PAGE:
For Parkinson's Treatment, Is Espresso Worth a Shot?
Published February 2007
UC neurologist Alberto Espay, MD, says coffee is turning heads as a possible prevention for Parkinson's disease.
Recent studies have shown that coffee drinkers are less likely to develop Parkinson's. And new laboratory studies have determined that the drink's natural stimulant, caffeine, can enhance the effects of the most common drug given to Parkinson's patients, levodopa.
"In fact, scientists are currently working on drugs for Parkinson's that act on the brain in the same way caffeine does," says Espay. "With all we know about coffee, if you drink it, keep drinking. And if you don't, it wouldn't hurt to start.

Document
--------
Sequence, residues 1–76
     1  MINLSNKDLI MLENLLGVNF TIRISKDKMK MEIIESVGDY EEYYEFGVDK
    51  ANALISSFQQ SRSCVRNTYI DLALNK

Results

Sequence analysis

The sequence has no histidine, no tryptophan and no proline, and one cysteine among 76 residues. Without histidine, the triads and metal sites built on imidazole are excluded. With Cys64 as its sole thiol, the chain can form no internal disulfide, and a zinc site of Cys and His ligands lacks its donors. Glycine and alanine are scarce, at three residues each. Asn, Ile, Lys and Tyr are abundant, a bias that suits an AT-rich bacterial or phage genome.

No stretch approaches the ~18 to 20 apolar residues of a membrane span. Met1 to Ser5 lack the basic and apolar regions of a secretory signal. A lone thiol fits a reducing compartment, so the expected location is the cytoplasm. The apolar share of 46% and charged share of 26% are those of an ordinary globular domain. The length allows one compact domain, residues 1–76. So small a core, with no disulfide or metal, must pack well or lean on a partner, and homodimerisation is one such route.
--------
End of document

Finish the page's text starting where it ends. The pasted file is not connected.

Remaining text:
"It's unclear what amount of coffee must be consumed to have the most benefit," he adds. "But because coffee has no clear health risks, go for it. Just be sure to talk with your doctor first if you have high blood pressure or other health concerns."
Parkinson's results from the loss of a group of brain cells that produce the natural neurotransmitter dopamine. Without dopamine, brain nerve cells don't fire properly, causing an inability to control movement. For more information, visit www.healthnews.uc.edu.